The Companies Act provides that the by-laws of a company may regulate the appointment, functions, duties, remuneration and removal of all agents, officers and servants of the company, and the security, if any, to be given by them to the company. The amount, if any, of directors’ fees is typically determined by the company by a members’ resolution. Executive directors may be paid a salary. A director may also hold any other office or place of profit with the company (except auditor) in conjunction with his or her office of director for any period and upon whatever terms the board may determine and may be paid extra remuneration for the additional office (whether by way of salary, commission, participation in profits or otherwise).

Generally, there is no obligation to disclose the remuneration paid to the directors. The Companies Act does not impose a limit on a director’s term of appointment to the board.

The Companies Act prohibits loans (or the provision of any guarantee or security in connection with any loan) being made to directors without the consent of the members.

Remuneration of senior management

How is the remuneration of the most senior management determined? Is there any law, regulation, listing requirement or practice that affects the remuneration of senior managers, loans to senior managers or other transactions or compensatory arrangements between the company and senior managers?

See question 28. Subject to any restrictions expressly provided in the by-laws, the board is typically able to determine the remuneration of senior management.

D&O liability insurance

Is directors’ and officers’ liability insurance permitted or common practice? Can the company pay the premiums?

A company can purchase and maintain insurance for its directors and officers, which is common practice.

Indemnification of directors and officers

Are there any constraints on the company indemnifying directors and officers in respect of liabilities incurred in their professional capacity? If not, are such indemnities common?

Bermuda law generally allows for directors to be indemnified by the company and indemnification and exculpation provisions are typically included in the by-laws.

The Companies Act provides that company may in its by-laws or in any contract or arrangement between the company and any officer, or any person employed by the company as auditor, exempt such officer or person from, or indemnify him or her in respect of, any loss arising or liability attaching to him or her by virtue of any rule of law in respect of any negligence, default, breach of duty or breach of trust of which the officer or person may be guilty in relation to the company. However, generally, any provision exempting an officer or person from (or indemnifying him or her against any liability in respect of) any fraud or dishonesty of which he or she may be guilty in relation to the company will be void.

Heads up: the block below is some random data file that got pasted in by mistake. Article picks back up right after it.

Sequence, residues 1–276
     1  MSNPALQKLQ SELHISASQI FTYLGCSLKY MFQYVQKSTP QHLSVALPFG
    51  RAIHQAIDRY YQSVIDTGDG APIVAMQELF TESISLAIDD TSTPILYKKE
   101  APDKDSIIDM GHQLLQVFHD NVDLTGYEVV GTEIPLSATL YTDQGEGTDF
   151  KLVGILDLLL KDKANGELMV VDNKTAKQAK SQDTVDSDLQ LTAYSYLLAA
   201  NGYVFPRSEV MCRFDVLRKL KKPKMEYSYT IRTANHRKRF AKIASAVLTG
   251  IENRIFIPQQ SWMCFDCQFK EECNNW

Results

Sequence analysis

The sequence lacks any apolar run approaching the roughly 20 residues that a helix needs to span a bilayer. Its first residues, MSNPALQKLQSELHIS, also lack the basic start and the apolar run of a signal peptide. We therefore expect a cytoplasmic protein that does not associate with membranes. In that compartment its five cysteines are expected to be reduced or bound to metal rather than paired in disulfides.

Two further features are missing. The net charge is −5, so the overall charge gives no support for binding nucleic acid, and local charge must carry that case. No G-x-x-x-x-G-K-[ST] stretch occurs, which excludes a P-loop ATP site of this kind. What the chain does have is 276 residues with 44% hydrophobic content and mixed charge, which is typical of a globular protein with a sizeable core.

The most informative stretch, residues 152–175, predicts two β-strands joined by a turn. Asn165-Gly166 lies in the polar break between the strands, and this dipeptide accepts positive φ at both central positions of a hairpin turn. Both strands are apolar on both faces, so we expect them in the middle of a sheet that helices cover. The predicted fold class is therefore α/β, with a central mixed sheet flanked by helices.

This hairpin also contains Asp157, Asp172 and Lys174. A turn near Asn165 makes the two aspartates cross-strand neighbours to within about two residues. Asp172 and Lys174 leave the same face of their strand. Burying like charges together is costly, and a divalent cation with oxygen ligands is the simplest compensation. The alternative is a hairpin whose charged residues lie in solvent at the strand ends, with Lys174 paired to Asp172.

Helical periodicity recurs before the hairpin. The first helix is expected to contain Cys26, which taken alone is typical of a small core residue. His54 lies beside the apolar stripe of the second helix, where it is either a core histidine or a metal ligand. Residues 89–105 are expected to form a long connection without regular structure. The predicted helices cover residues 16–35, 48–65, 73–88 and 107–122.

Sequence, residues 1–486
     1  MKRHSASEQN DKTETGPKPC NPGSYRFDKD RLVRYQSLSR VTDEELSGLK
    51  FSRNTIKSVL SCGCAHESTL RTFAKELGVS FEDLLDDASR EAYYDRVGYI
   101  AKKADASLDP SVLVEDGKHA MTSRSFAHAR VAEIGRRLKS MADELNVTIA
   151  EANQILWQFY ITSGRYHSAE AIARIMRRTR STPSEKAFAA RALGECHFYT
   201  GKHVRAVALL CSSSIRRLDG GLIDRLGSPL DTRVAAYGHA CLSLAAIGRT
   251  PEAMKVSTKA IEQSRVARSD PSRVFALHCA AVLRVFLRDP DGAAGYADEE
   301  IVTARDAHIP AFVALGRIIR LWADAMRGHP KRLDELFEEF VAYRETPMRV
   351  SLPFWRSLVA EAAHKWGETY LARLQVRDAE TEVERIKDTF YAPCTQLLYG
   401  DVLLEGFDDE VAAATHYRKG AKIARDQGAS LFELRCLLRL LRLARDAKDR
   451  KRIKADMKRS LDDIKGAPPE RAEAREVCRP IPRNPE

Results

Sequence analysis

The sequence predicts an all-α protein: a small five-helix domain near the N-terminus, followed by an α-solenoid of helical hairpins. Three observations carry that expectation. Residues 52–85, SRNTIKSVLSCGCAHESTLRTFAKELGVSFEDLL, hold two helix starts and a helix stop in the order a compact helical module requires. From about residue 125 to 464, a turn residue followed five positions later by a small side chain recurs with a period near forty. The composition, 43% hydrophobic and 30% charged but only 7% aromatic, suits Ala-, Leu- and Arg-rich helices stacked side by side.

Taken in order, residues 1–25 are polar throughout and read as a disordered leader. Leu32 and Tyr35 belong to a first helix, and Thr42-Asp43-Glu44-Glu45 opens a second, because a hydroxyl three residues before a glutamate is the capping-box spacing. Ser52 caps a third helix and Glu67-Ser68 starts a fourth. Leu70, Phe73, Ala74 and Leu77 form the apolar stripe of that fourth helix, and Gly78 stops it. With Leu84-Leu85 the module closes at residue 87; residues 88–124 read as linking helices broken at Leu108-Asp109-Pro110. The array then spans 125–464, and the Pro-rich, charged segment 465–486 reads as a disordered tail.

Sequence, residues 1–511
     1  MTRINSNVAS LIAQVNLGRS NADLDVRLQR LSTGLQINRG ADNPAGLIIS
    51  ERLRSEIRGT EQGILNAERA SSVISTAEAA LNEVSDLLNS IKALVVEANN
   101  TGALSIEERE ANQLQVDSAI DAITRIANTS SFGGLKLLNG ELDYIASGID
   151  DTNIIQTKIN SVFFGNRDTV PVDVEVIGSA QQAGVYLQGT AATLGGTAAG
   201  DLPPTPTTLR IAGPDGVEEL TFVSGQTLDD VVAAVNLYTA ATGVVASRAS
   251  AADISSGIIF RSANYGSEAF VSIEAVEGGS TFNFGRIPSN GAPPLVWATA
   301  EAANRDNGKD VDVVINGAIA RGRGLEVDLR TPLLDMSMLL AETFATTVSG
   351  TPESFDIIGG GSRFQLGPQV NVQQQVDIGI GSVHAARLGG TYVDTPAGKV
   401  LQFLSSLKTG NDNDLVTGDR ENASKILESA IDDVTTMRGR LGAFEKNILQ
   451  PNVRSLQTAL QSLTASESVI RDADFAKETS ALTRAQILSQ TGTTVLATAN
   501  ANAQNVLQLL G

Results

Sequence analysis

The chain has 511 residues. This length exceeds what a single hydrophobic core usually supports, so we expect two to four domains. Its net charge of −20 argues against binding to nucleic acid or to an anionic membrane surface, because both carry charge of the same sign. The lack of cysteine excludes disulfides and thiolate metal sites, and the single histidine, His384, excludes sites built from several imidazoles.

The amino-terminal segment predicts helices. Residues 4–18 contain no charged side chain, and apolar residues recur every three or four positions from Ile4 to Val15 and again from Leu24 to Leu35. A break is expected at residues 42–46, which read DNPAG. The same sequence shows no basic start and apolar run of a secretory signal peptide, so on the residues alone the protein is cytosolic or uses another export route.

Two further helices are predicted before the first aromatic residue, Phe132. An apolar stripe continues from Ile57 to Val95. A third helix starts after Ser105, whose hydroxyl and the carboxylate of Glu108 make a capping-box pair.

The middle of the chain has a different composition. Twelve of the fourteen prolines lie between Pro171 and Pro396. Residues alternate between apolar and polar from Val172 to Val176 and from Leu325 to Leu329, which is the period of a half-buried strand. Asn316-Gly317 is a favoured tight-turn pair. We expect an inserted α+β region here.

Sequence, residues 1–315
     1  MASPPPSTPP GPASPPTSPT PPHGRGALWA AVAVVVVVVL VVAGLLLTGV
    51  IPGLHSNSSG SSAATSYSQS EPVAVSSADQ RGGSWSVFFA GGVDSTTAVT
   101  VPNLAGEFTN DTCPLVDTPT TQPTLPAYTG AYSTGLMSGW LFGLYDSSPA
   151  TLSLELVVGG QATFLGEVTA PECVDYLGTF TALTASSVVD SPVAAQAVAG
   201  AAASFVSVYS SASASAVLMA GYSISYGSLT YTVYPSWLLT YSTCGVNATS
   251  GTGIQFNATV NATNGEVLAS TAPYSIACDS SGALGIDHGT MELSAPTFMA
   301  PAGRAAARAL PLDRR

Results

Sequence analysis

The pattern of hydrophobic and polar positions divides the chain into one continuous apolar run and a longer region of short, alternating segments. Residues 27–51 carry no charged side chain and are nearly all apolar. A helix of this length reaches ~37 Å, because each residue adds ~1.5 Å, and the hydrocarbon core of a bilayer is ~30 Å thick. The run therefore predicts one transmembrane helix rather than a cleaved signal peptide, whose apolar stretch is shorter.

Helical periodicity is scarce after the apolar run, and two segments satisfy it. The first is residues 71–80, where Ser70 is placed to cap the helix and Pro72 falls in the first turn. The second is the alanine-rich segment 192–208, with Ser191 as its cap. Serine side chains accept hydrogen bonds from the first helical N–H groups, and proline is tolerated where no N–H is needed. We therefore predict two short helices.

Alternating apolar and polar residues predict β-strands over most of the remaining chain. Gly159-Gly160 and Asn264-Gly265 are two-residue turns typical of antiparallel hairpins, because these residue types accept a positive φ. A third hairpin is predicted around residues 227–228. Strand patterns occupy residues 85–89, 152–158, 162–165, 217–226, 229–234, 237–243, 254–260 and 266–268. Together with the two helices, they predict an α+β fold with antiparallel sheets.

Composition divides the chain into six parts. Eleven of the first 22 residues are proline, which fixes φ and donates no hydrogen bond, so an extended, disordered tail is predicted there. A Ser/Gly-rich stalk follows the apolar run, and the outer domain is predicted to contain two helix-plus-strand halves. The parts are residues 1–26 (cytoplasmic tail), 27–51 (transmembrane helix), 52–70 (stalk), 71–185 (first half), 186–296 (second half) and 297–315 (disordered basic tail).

Exculpation of directors and officers

To what extent may companies or shareholders preclude or limit the liability of directors and officers?

See question 31.


What role do employees have in corporate governance?

Employees do not normally have a significant role in corporate governance. There is no specific legislation in respect of the rights of employees in relation to corporate governance for standard companies and employees are generally not entitled to board representation. However, a particular business may have as part of its corporate documents or internal policies a requirement to consult employees or certain employees may have such rights in their employment contracts.

Board and director evaluations

Is there any law, regulation, listing requirement or practice that requires evaluation of the board, its committees or individual directors? How regularly are such evaluations conducted and by whom? What do companies disclose in relation to such evaluations?

There is no general legislation that requires evaluation of the board, its committees or individual directors for standard companies, although sector-specific requirements should be considered (see above). In any case, the board should carry out periodic assessments of both the board as a whole and of individual board members as well as its governance practices, and take any corrective actions or make any improvements deemed necessary or appropriate. In the case of larger, more complex institutions it is expected that a formal assessment process will be adopted to ascertain continuing suitability. Shareholders should be provided with sufficient information to enable them to assess the effectiveness of the board and senior management in governing the institution.

Disclosure and transparency

Corporate charter and by-laws

Are the corporate charter and by-laws of companies publicly available? If so, where?

A company’s certificate of incorporation and memorandum of association are available at the office of the ROC (see question 36), but the by-laws of standard companies are generally not publicly available.